NSW Aging and Disability Program commissioner Robert Fitzgerald, said while appointing a power of attorney was a good idea, he's seen a number of cases where financial abuse was actually committed by that designated person.
He said it's advisable to keep a strong network of people to monitor the power of attorney's decisions, even if that person is a trusted family member.
"Abuse of older people rarely starts off with a deliberate intent to abuse," Mr Fitzgerald said.
"There are people in our society that will exploit people, they will go out deliberately to seek financial gain, but the vast majority are actually family members or friends, who are well known to the older person."
Mr Fitzgerald believes internet banking is an easy way abusers can take control of someone's finances, as it provides an opportunity to abuse an older family member who has difficultly with technology.
"It often starts off as being helpful; I will help you with your financial decisions, I will help you with your internet banking, I will help you pay off your credit card bills and so on," he said.
"In the end that starts to change from 'I'll take a little bit here, and a little bit there', and in the end, we see very substantial financial abuse."
But both Ms McCabe and Mr Fitzgerald believe technology could be the key to tracking tell-tale signs of dementia or financial abuse.
"I was at a conference recently," Ms McCabe said, "and a bank overseas set up special products for people with dementia where they can only withdraw a certain amount of money a day. if they try and exceed that, it sends off an alert to a designated person, who can actually intervene.
"It may actually identify that someone is vulnerable to abuse, are possibly being coerced to hand out money to family members, neighbours or anybody. Banks are working hard to develop products that are supportive and are protective for people with cognitive impairment."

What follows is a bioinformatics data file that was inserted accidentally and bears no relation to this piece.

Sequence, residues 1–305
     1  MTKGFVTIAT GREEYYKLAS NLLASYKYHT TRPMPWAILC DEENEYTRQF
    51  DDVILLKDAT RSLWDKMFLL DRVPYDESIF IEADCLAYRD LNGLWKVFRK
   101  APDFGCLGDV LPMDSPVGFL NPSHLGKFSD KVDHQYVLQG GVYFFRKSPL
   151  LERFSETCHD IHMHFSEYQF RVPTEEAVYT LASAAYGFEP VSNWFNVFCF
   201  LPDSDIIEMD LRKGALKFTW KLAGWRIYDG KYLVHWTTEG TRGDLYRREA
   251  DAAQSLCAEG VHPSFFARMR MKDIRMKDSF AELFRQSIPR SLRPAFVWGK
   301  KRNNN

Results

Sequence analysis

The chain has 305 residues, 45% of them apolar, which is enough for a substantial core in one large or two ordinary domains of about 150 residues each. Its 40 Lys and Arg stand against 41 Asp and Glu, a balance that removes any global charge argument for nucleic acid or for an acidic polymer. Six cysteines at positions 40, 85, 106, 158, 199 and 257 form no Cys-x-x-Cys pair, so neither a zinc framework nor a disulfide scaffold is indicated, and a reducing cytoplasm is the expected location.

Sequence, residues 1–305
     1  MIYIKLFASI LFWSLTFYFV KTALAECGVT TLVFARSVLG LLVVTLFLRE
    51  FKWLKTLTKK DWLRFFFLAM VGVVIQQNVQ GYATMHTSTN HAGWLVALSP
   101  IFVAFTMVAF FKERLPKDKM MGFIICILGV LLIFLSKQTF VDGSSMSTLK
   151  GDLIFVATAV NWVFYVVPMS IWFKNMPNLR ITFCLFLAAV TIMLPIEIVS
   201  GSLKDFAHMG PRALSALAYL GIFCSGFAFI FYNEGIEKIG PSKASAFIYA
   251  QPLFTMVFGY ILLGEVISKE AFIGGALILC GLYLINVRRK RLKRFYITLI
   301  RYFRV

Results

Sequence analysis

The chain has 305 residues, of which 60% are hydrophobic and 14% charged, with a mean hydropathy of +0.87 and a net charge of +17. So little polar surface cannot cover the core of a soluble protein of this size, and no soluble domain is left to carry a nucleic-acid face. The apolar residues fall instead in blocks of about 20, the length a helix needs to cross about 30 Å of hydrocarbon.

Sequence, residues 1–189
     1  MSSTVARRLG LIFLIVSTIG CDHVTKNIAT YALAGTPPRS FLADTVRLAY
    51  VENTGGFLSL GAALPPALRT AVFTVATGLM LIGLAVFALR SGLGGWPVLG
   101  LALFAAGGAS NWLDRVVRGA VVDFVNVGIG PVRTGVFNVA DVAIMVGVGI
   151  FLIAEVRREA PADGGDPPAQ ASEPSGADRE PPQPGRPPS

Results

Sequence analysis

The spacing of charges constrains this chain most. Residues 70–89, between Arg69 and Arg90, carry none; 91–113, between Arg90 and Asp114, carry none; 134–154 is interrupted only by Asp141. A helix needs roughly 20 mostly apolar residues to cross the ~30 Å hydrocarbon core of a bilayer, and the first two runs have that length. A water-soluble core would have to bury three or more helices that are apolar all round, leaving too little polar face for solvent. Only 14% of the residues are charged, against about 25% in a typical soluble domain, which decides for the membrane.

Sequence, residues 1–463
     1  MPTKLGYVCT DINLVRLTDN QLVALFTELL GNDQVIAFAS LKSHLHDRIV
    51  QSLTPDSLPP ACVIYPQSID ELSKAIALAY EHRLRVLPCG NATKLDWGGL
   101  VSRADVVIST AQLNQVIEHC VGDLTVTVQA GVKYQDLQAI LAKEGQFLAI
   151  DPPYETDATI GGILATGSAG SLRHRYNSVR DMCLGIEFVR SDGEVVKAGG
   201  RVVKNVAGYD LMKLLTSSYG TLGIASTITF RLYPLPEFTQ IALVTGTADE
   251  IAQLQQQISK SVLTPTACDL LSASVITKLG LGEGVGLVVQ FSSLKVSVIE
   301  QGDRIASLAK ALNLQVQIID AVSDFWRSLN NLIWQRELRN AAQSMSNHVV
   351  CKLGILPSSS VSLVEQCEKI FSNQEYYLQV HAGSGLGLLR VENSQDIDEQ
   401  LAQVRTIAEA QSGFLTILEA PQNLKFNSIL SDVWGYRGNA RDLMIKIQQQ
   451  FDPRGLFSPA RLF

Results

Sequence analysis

"We hope in time, technology can also be a way of tracking aberrant behaviours, or inappropriate conduct, picking up signs something is wrong, and also perhaps putting some safeguards in place," Mr Fitzgerald said.
"We want to make sure people continue to make their own decisions for as long as possible. When that capacity ceases and they need other people to make decisions, we want to make sure those people act in their best interests. And if they stop doing so, there are consequences."
Ms Davis said as the new code was integrated into Australian banks, the committee would be looking into new ways to support vulnerable customers and prevent financial abuse.
She said more evidence about internet banking abuse was needed before it became a factor they could address.
"We operate on a basis of highlighting where the risk areas are," she said.
"If we see that electronic access becomes a risk factor, then that will become an area that we will focus in on.
"But it actually can go either way, it can be an extraordinary useful tool for enabling people who have accessibility issues. You have to be careful not to make blanket statements about certain types of banking."
The new banking code came into effect on July 1 and over the next 12 months, the BCCC will be monitoring how banking groups transition into the new code of conduct.